Around the old brick farm buildings, outside of the peony fields, grows an enormous hedge row of pine and on the ground, wild chamomile. In the humid air, the pine, chamomile, peony and warming earth formed an ancient, evocative perfume. Standing amongst the peony rows, swaying gently in that aromatic soup, I was ushered through moments in human memory. A Japanese woman dressed in a kimono bows down slowly towards the blooming peony to breath in its sweet and tender scent. An old Chinese man, with an older hand made tool pressed against his palm, digs in the fresh earth searching gently for the root. Its potion will stave off his beloved wife’s rheumatism.
An investment in time and patience
In home gardens, peonies are often planted and left undisturbed. They can be an incredibly long living plant, sometimes up to and over fifty years. When cultivated, herbaceous and Itoh peonies are reproduced by dividing the root while tree peonies are grafted. For the purposes of multiplication, Jeaninne divides her plants every three years. So, if Jeaninne starts with a new variety and only a small number of plants, there can be a significant time investment before she can start selling plants to the public. Jeaninne grows three hundred varieties but makes one hundred of these available in her store. Availability, taste and fashion determine those select one hundred. The farm also produces cutting flowers which are sold at the flower auction Veiling Rhein Maas in Germany, at garden shows and on the farm.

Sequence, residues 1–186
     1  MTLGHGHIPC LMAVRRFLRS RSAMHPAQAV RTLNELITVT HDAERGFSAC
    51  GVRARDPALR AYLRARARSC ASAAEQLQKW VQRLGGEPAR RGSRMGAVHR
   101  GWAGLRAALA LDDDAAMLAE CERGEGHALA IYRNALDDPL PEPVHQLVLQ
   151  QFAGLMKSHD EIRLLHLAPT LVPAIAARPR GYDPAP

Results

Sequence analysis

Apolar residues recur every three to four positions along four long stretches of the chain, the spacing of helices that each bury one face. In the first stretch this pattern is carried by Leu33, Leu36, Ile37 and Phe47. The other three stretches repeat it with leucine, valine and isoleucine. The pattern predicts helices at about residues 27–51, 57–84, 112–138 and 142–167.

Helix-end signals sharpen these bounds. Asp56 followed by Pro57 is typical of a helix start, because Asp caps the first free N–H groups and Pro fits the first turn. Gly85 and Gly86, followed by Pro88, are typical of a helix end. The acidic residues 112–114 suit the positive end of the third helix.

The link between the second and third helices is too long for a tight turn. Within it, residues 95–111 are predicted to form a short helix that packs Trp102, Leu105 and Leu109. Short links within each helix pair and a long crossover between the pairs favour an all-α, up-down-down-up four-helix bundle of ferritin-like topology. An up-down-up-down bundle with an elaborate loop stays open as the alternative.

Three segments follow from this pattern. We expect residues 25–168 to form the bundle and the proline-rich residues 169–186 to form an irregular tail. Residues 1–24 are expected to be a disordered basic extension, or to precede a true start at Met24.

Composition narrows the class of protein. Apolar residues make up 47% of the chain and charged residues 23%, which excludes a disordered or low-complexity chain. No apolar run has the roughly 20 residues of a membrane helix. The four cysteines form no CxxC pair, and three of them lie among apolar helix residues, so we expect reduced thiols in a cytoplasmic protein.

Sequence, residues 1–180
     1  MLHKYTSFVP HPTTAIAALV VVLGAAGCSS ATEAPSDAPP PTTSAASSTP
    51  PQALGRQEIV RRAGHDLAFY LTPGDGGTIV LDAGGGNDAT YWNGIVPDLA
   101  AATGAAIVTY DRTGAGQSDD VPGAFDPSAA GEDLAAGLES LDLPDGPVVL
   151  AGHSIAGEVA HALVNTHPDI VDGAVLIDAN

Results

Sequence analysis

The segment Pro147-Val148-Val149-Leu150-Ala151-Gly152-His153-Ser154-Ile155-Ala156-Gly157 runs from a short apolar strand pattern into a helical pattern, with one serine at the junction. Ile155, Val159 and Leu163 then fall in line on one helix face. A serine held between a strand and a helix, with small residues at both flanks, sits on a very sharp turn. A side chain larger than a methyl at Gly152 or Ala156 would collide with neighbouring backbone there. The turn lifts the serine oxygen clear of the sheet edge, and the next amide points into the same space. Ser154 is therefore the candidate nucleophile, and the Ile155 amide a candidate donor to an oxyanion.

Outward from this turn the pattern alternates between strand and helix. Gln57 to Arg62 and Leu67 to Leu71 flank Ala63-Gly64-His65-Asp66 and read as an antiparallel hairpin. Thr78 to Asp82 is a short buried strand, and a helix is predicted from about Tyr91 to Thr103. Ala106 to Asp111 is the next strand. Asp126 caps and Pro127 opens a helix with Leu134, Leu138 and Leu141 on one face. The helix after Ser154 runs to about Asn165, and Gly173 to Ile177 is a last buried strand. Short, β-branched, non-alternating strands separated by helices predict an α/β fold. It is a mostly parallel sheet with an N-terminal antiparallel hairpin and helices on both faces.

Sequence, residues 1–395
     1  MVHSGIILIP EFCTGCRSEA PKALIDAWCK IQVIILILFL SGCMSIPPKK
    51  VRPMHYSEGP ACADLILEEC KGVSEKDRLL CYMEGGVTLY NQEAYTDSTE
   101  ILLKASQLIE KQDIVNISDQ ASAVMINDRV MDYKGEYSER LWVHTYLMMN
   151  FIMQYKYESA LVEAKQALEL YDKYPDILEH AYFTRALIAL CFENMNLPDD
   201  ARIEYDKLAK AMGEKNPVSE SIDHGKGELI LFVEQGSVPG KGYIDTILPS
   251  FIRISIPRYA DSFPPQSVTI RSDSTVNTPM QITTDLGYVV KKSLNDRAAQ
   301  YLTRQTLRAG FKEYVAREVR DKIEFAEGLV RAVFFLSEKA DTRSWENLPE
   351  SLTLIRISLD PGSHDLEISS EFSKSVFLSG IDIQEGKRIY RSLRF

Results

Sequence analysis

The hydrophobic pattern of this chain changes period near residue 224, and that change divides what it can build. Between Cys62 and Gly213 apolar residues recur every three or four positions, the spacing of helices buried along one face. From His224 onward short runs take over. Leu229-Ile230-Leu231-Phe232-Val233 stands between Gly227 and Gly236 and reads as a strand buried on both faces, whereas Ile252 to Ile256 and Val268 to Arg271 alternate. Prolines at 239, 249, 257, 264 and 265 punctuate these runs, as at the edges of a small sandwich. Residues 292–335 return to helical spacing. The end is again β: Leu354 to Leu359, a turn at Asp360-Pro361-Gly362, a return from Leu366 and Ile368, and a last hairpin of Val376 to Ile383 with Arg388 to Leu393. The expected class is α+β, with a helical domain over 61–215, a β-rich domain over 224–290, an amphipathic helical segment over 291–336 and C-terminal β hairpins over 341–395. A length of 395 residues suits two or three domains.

Due to her strong relationships with growers in the United States, many of her plants are sourced from hybridizers there. A number of these peonies are rare in Europe, some exclusively grown and nurtured by her. Red Grace, pictured in the last two images of this post is one of these, hybridized by Lyman D. Glasscock from Elmwood, Illinois in the US. Jeaninne now sells it as plants and cut flowers. This peony has an enormous flower head filled with hundreds of claret red petals that burst from the center in an explosion of colour and texture, it stands out amongst the other flowers.